Archaeologists are thought to have an extremely fascinating profession; unfortunately, lots of people quite often mistake us for the scientists who dig up dinosaur bones… palaeontologists! Archaeologists have absolutely nothing to do with dinosaurs. Nothing. Archaeologists unearth and study remains of human activities, notably the ruins of ancient buildings and the objects left behind, the artefacts. Unfortunately, archaeological evidence discovered during excavations represents only a small fraction of the remains of ancient cultures. Environmental and climatic conditions, ravages of nature, and damage caused by people (whether in ancient or modern times) are to blame for the destruction of the cultural remains.
Have you ever wondered how an archaeological site is formed? Why certain artefacts are so well preserved? Or even how archaeologists figure out where to dig?
Before the Dig
Archaeologists are not treasure hunters, but detectives who want to find answers to riddles of the past. In order to find out how ancient peoples lived, you need all the clues you can get and you need to dig for them in a scientific manner. However, before archaeologists can pull their trowel out of their back pocket, there are a few things about which they need to think before the dig.
Without a research project, there is absolutely no reason to dig. Without this project proposal, you will not be able to apply for funding or obtain an excavation permit. Evidently, without a dig permit, you can’t dig anywhere.
During the Dig
Archaeologists have the very important task of preserving the past in order to increase our knowledge of human society and past cultures. That actually is a very difficult task… because the archaeological process is very destructive. Several levels of human activity can be located atop one another and in order to reach the oldest one (the one at the bottom), the top layers have to be removed. The removal of these layers means that they will be destroyed. Forever.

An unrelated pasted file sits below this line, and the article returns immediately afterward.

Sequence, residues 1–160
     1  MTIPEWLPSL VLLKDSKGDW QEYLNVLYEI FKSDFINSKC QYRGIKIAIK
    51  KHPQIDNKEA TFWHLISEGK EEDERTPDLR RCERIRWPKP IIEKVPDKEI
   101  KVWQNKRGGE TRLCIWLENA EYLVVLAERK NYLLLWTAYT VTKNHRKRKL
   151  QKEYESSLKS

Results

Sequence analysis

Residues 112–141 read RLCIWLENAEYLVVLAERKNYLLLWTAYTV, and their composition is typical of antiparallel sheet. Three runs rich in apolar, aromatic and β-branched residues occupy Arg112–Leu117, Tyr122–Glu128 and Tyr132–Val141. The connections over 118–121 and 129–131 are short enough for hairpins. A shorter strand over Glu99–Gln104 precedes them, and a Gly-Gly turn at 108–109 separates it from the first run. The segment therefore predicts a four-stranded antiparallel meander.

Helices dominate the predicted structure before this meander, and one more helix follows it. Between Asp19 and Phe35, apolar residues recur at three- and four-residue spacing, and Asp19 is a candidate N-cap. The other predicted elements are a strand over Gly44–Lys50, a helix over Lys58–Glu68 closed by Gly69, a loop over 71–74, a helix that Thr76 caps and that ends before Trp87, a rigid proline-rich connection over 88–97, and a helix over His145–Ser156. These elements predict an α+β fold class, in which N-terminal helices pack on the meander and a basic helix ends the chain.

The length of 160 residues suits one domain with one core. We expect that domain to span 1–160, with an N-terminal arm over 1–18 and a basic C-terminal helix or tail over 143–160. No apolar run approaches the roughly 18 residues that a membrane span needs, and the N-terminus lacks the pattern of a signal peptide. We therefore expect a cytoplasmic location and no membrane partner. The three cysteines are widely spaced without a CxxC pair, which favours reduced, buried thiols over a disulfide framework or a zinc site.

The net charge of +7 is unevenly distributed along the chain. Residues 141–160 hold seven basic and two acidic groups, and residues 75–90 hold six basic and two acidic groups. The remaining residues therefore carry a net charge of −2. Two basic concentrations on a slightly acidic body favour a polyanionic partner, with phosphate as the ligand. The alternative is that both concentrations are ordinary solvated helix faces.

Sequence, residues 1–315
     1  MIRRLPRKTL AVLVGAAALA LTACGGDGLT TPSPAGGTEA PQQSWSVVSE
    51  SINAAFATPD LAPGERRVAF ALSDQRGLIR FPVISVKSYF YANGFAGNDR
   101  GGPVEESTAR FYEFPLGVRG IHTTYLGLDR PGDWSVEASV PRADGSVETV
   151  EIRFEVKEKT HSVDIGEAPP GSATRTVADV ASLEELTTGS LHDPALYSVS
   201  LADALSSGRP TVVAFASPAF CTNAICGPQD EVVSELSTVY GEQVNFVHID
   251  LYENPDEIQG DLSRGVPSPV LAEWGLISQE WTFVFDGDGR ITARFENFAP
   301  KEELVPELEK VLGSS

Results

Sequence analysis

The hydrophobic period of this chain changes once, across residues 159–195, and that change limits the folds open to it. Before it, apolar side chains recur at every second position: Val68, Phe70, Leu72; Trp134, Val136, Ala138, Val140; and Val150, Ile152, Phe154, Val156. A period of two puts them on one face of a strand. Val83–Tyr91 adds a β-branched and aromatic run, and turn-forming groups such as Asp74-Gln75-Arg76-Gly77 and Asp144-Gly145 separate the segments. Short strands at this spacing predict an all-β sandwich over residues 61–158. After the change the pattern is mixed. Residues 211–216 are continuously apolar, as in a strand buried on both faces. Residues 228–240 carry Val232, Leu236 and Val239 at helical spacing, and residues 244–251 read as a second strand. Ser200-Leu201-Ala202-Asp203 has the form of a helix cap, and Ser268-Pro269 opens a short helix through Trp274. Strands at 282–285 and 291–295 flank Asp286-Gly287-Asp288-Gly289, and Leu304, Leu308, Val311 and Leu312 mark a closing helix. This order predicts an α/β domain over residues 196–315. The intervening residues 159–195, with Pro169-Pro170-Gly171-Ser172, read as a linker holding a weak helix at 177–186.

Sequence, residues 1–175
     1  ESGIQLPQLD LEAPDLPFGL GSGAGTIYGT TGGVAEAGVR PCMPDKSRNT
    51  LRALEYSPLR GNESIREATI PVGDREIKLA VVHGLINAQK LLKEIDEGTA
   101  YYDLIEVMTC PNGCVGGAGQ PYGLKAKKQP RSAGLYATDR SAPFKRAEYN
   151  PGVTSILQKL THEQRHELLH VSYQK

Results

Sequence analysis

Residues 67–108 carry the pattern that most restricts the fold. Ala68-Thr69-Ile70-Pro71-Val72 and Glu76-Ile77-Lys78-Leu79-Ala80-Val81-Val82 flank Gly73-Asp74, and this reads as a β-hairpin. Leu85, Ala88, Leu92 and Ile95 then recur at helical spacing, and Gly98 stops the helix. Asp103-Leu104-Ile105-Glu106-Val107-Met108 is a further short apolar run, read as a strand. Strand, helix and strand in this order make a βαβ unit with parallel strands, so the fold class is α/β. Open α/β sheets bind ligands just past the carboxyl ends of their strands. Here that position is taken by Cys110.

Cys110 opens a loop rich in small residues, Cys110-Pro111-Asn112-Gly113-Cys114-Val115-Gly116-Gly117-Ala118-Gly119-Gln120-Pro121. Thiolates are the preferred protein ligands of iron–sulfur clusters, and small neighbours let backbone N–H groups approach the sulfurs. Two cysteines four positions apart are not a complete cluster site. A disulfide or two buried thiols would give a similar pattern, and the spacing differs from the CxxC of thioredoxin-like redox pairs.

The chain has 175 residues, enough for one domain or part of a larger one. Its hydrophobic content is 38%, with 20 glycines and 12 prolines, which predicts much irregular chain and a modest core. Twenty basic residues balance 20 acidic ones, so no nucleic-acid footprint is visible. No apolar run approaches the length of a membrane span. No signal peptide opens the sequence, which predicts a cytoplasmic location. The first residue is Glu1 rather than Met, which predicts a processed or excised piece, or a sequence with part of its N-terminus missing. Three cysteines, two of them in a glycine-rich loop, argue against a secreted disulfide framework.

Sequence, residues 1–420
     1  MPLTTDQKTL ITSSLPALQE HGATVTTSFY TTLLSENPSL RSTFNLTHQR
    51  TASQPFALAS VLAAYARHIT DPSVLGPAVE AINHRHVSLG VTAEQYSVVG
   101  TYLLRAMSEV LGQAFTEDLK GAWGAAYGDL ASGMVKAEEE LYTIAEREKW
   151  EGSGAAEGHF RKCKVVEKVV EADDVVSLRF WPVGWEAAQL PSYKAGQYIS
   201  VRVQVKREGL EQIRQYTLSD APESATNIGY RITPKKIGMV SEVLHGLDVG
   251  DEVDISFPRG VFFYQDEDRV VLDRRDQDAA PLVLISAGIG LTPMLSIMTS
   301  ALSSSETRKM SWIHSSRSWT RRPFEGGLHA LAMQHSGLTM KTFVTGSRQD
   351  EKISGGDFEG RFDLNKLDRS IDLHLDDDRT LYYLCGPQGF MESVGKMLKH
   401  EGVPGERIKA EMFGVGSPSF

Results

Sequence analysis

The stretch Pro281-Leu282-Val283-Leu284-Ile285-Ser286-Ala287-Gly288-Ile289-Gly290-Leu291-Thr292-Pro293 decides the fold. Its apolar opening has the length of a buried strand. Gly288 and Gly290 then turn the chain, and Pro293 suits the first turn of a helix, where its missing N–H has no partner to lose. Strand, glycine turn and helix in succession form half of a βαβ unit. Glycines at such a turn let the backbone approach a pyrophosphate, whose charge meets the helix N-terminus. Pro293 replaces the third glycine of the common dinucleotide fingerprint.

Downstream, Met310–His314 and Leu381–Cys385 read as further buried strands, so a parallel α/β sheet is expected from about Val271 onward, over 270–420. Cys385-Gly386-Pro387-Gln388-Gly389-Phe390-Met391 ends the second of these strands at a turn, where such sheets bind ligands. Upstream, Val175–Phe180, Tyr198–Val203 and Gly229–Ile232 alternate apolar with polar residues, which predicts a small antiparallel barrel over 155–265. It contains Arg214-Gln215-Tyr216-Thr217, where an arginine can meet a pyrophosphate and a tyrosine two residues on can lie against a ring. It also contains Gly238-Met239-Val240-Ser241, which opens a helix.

Archaeologists are aware of this problem and, for this very reason, we keep detailed records, make copious notes, take several photographs, and make drawings and plans so that later generations can still study these layers even if they are gone. We also leave unexcavated areas so that future archaeologists with newer techniques and different equipment can dig on site as well.
After the Dig
Archaeologists have the moral responsibility to publish their archaeological findings and the results of their analyses to give colleagues the chance to look at newly discovered material. In order to do so, archaeologists will publish articles and books, and present at conferences.
Archaeological publications are technical and specialised writings that present data accumulated during the course of an excavation, often the only documentation available regarding certain stratigraphic layers that have been excavated and are now gone, or about a entire site destroyed by cultivated fields and flooded zones. Knowing that these might be rather tedious for amateurs to read, archaeologists will also write books intended for the general public and students. We know that many people are interested in our work and we strive to share them with you in a variety of ways.
While reading books is a great way to find out about our discoveries, you can also attend public lectures related to archaeology or visit museums where there often are many artefacts on display in permanent galleries and special exhibitions. Think of it as a gift from us to you for taking such an enthusiastic interest in our work.
Scholars are often told “Publish or Perish…” In the world of academe, you have to constantly publish your latest findings because it helps evaluate the quality of your work and prove that you are active in the field.